Why is it so difficult to learn from failure?

broken blue plateFailure happens. For a myriad different reasons, things go wrong. And at an organisational level, the consequences will range from embarrassing to catastrophic. It is, simply, unrealistic to expect things never to go wrong.

That said, it is surely much more realistic to expect things to not go wrong twice.

And indeed, it’s that expectation of avoiding a repeat failure that underpins much organisational response to failure. Enquiries are held. Review boards meet. And chief executives speak earnestly of lessons learned, and a firm resolve to put revised approaches put in place.

For a while, the mood is upbeat. Until failure re-occurs.

Why don’t we learn?

In part, it’s because failure itself is a slippery notion.

Some failure is obviously ‘bad’, and avoidable. Operational mistakes against clearly defined processes, for instance, fall into this category. There were processes to be followed—and they weren’t. Failure ensued.

Some failure is just as unwanted, but more difficult to avoid. Strategic failures would be an example here. A high-level strategy was defined, and executed. But failure ensued. The problem wasn’t the execution, but the strategy itself. It was, simply, wrong.

And perversely, some failure is to be welcomed. Experimental failure, for instance, can provide valuable data, and an opportunity to try another avenue. Entrepreneurs are often urged to ‘fail fast’, cut their losses, and move on to something else.

In each case, there are lessons to be learned—lessons from failure, if you will. But equally, in each case the process of acquiring those lessons from failure will be different, as will the inherent value of those lessons. Clearly, for instance, a lesson from failure successfully learned regarding—say—strategic failure can be expected to be more valuable than a lesson learned regarding experimental failure.

The wrong mindset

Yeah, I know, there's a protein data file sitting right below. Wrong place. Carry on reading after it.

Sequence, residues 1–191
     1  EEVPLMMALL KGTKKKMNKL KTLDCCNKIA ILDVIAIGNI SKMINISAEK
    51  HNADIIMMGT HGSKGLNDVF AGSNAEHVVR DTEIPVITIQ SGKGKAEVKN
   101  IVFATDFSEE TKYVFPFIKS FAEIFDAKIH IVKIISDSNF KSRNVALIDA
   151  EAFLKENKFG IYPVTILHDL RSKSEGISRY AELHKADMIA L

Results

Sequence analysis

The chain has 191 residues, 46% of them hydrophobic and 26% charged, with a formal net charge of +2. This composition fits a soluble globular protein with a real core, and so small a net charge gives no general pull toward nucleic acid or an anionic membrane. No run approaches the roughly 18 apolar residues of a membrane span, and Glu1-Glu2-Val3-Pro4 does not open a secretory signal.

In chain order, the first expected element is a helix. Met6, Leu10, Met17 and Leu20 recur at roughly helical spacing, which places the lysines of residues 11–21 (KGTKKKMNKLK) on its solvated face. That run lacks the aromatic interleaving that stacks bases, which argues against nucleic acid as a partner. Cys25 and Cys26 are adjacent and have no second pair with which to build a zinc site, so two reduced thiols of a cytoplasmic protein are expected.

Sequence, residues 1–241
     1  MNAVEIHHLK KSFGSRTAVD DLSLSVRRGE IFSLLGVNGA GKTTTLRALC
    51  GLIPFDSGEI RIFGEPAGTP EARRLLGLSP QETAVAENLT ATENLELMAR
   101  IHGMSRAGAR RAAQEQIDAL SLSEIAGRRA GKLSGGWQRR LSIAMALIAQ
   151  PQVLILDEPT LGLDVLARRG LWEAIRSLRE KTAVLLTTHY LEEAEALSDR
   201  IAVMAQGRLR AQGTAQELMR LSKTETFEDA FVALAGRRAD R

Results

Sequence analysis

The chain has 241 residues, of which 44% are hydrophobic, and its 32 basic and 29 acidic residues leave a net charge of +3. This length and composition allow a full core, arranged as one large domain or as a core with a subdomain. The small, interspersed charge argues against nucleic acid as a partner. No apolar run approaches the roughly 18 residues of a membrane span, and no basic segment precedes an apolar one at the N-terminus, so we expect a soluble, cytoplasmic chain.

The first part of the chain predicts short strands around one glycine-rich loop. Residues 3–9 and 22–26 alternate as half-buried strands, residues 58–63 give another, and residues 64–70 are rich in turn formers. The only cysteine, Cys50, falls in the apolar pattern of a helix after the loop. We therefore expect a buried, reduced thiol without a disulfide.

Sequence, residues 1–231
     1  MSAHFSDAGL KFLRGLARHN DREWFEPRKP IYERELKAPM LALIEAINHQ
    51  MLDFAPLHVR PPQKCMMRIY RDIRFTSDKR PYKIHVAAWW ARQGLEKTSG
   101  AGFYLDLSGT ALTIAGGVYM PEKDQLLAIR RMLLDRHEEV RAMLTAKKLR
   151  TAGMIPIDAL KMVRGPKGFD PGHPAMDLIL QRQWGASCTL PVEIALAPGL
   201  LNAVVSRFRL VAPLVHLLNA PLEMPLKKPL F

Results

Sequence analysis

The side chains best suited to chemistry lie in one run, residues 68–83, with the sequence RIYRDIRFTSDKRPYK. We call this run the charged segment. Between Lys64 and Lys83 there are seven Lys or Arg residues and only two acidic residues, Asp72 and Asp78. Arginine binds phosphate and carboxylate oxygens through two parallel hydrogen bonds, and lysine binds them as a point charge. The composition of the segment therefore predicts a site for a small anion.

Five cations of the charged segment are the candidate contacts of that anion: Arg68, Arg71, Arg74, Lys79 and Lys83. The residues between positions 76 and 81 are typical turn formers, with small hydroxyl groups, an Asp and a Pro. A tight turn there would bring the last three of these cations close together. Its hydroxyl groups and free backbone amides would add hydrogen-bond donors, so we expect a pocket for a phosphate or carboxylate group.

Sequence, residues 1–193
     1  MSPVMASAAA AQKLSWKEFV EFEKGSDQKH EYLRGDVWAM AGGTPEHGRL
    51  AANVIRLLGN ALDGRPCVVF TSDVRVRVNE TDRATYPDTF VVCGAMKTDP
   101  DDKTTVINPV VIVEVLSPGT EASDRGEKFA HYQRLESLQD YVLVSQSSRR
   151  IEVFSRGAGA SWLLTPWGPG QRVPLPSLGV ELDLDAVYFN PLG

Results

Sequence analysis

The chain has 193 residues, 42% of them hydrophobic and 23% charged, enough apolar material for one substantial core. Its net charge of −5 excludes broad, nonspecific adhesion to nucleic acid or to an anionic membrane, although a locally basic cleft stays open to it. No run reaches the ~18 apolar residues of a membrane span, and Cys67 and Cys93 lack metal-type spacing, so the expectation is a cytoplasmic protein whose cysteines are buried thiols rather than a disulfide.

Yet often, organisations—and the managers within them—can be blind to the value embedded in lessons from failure.

It is a common reaction for both organisations and individuals to deny, justify, or be embarrassed by mistakes. And in almost every organisation there is a marked reluctance amongst many executives and employees to acknowledge their failures and to admit mistakes. Instead, they keep quiet about their failures, and hope no one will notice.

Collectively, this can contribute to an organisational culture where it becomes the norm in how people behave. Mistakes are brushed under the carpet—and with them, the value offered by lessons from failure.

Yet in some organisations, that doesn’t happen, or—at the very least—happens less. In those organisations—think safety-critical organisations such as NASA, and airlines, and the oil industry—there is an understanding that the value to be gained from lessons from failure outweighs any embarrassment or censure.

How can the Learning and Development function help the organisation learn lessons from failure?

Learning and development professionals—and those in human resources leadership roles generally—can play a valuable role in helping to build an organisational culture that maximises the opportunity to learn lessons from failure.

This is no easy matter, especially in hierarchical and blame-centric organisations, but a positive approach—and determination to learn lessons from failure—is likely to contribute to strengthen the foundations of the organisation.

At an organisational level, the learning and development function can help to processes that ask:

  • What happened, and why?
  • What is the root‑cause of the failure?
  • Could we have done anything to prevent this failure? If so, what?
  • Is there a discernible pattern?
  • What, if anything, could we have done differently which has implications for future actions?
  • What information and support do we need to do this?

How can the Learning and Development function help individuals to learn lessons from failure?

Individuals, too, should be encouraged to learn lessons from failure. Instead of sweeping failure under the carpet, or pretending that there aren’t lessons to be learned from it, they need to be more open to failure and its lessons.

And apart from anything else, a more positive approach to failure will help to avoid the ‘mood swings’ and ‘ups and downs’ that often result from having failed—and which impede performance.

In short, learning and development professionals can help individuals to identify strategies which strengthen their ability to cope with—and learn from—failure. Typical advice, for instance, might be to:

  • Separate the issue from the personal
  • Distinguish a failure from one's identity
  • Avoid dwelling too much on the failure
  • Experiment with new ways to avoid repeating patterns of failure

Lessons from failure: the bottom line

No one likes failing. Or failure. But some level of failure is inevitable—and the challenge for both individuals and organisations is to rise about that experience of failure, and learn from it.

Those lessons might not be easy, or comfortable. But they will be valuable.

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